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Serial toilet clogger cost city thousands. But a tip just flushed him out, police say

Police in Sheboygan, Wisconsin, say they’ve arrested a 33-year-old man suspected of intentionally clogging a toilet more than two dozens times over the course of two years, thanks to a Memorial Day tip.
Police in Sheboygan, Wisconsin, say they’ve arrested a 33-year-old man suspected of intentionally clogging a toilet more than two dozens times over the course of two years, thanks to a Memorial Day tip. AP

The toilets of Sheboygan, Wisconsin, are finally safe.

Sheboygan police arrested a 33-year-old man Monday on suspicion that he’s the vandal who spent the past two years clogging a public toilet more than two dozen times. Repairing clog after clog has drained thousands in taxpayer funds from the city, which is perched on Lake Michigan north of Milwaukee. Police have not named the suspect.

The Memorial Day arrest came following a tip from a citizen, police said.

The villain’s clogging tool was an unconventional one, according to police. He would take a 20-ounce soda bottle and jam it into a women’s toilet at the Deland Community Center in the city. Once he’d lodged a bottle deep in the pipes, the vandal would run-off — leaving behind a messy surprise for the city to clean up.

In March, the city got desperate enough that police issued a plea for help on Facebook.

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“This is very strange … and gross, but that is the reality of life,” the city’s police department wrote at the time, begging for leads or tips.

Police said in March that surveillance cameras suggested a man was to blame. Commenters on Facebook said the city should have installed cameras years ago to catch the culprit and avoid paying to clean up after him.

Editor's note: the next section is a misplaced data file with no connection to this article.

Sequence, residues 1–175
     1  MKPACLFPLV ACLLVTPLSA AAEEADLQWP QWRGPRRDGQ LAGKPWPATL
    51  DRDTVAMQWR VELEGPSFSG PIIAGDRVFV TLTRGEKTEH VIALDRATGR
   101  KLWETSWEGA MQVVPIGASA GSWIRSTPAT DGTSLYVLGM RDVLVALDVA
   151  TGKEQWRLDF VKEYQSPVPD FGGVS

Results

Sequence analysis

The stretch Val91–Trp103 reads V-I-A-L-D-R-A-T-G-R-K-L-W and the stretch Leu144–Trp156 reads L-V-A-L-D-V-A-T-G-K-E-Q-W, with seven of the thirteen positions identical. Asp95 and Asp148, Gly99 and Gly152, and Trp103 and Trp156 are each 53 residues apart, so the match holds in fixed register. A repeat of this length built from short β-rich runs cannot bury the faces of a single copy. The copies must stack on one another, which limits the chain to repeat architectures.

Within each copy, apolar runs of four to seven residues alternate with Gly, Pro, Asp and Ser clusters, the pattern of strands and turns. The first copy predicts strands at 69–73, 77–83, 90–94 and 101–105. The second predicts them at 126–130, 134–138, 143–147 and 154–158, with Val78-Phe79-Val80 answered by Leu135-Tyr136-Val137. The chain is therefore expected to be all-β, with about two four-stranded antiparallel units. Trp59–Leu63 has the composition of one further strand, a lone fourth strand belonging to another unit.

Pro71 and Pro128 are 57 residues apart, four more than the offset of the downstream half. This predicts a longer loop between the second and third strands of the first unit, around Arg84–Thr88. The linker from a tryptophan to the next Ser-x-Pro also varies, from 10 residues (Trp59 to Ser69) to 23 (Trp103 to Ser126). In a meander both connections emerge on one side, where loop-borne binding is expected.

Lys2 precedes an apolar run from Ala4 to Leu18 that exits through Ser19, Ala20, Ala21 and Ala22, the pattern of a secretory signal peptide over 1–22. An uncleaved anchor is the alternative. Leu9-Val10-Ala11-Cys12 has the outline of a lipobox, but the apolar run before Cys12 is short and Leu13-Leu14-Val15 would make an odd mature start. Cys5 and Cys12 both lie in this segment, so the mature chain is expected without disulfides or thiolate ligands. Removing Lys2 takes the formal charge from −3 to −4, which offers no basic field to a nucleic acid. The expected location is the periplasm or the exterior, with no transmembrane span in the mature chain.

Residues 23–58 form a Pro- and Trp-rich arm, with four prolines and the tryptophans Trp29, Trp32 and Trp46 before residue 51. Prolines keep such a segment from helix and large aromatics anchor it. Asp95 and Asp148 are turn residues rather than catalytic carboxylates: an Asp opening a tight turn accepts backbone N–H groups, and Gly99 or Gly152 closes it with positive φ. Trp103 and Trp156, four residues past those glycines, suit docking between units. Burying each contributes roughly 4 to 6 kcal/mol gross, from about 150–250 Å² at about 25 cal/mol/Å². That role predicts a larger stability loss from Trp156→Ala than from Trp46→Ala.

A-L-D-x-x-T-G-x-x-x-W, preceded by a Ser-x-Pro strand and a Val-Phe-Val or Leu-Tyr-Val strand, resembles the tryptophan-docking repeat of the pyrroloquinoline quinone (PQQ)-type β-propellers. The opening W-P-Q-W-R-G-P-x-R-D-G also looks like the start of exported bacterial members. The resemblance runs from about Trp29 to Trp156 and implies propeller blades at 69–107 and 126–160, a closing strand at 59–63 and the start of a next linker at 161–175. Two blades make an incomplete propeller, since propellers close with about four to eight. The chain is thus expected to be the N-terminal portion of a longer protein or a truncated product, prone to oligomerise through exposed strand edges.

As of March, the serial clogger had struck three times just this year, according to Joe Kerlin, the city’s parks and forestry superintendent. But the clogger had been even busier in past years, Kerlin told the Sheboygan Press — blocking the same public women’s toilet 14 times in 2017, and 12 the year before.

That substantial tally (29 cloggings — but who’s counting?) only includes incidents since the city began keeping track, Kerlin told the newspaper. And it wasn’t until halfway into 2016 it dawned on authorities that a serial clogger was on the loose. Kerlin estimated that the city has spent between $2,000 and $3,000 dealing with the clogger’s reign of terror.

“A lot of times we can just fish ’em out,” Kerlin told the newspaper, describing the best case scenario. Especially obstinate bottles mean plumbers have to remove the entire toilet.

The case has been passed off to the Sheboygan County District Attorney's Office for charges to be filed, WBAY reports.

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